The idea of this is when you change to softer/larger/hotter primers it is necessary to soften the powder charge to accomodate higher pressures. This seems to be especially necessary when the powder chosen is case filling or close to it.
Case filling, as I have seen it suggested, is very good for developing accuracy.
Using a hotter powder and reducing load may reduce accuracy.
It makes sense to me that any primer---if it will fit in the charge hole of the case---can be changed to develope loads.
I am beginning to get the feel of the cause, affect, and reasoning for primers (criteria) and choices of primers.
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Last edited by williamlayton; 09-26-2011 at 07:08 PM.
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Old 10-02-2011, 06:54 PM
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I understand the competition guys were using small rifle primers during the Great Primer Drought.

Wish I'd had all this SPP .45ACP brass back then.
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Old 10-02-2011, 07:16 PM
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As others have mentioned, I follow what the recipe lists as much as possible. I may substitute a Winchester spp for a CCI spp, but never at a max load. I also follow the primer Manufacturers recommendations such as Remington lists on their 1 1/2 primers of not using them in 357 mag, 357 sig, and 40 S&W even though they are similar to the primers used:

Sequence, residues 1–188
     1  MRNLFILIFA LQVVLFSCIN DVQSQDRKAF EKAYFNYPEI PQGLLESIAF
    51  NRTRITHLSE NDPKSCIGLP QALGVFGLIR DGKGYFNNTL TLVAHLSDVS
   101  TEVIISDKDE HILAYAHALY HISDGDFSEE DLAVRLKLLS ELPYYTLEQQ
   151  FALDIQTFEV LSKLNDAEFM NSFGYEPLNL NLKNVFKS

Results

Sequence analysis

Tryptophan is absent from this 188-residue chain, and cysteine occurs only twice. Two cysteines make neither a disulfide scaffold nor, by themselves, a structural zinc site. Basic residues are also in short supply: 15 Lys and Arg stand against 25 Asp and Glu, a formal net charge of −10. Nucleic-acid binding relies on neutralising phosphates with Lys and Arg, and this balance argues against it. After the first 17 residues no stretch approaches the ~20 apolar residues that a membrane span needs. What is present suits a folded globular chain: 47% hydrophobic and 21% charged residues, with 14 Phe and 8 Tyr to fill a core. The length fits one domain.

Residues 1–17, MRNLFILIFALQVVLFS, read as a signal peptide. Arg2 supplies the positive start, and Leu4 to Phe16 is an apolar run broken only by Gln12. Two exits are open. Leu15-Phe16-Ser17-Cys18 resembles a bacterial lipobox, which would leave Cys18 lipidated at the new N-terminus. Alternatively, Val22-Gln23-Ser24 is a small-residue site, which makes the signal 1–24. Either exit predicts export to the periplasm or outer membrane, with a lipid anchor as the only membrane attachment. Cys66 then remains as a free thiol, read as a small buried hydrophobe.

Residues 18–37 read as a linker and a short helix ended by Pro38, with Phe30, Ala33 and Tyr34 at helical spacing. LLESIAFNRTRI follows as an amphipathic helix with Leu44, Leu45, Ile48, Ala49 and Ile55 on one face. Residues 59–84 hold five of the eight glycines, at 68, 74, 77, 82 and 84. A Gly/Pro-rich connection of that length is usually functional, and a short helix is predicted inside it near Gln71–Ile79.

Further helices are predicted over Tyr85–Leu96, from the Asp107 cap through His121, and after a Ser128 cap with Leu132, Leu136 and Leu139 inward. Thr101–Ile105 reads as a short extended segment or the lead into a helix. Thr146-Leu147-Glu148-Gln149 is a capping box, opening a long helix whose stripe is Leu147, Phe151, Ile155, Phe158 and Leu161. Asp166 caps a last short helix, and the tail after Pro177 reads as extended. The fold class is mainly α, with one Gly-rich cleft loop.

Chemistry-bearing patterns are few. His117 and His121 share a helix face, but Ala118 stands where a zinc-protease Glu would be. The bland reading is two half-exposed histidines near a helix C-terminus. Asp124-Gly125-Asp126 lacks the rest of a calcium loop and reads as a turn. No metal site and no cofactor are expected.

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Old 10-02-2011, 07:28 PM
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Quote:
It makes sense to me that any primer---if it will fit in the charge hole of the case---can be changed to develope loads.
I am beginning to get the feel of the cause, affect, and reasoning for primers (criteria) and choices of primers.
Blessings
Before you decide you have it figured out and launch off into new experiments, may I offer a word of caution from the ol' physics prof.

Internal ballistics (what happens before the bullet leaves the barrel) is an incredibly complicated mess of partial differential equations that are non-linear (meaning they don't follow "common sense").
It is not only more complicated than someone who does not know calculus can understand, it is more complicated than he can imagine.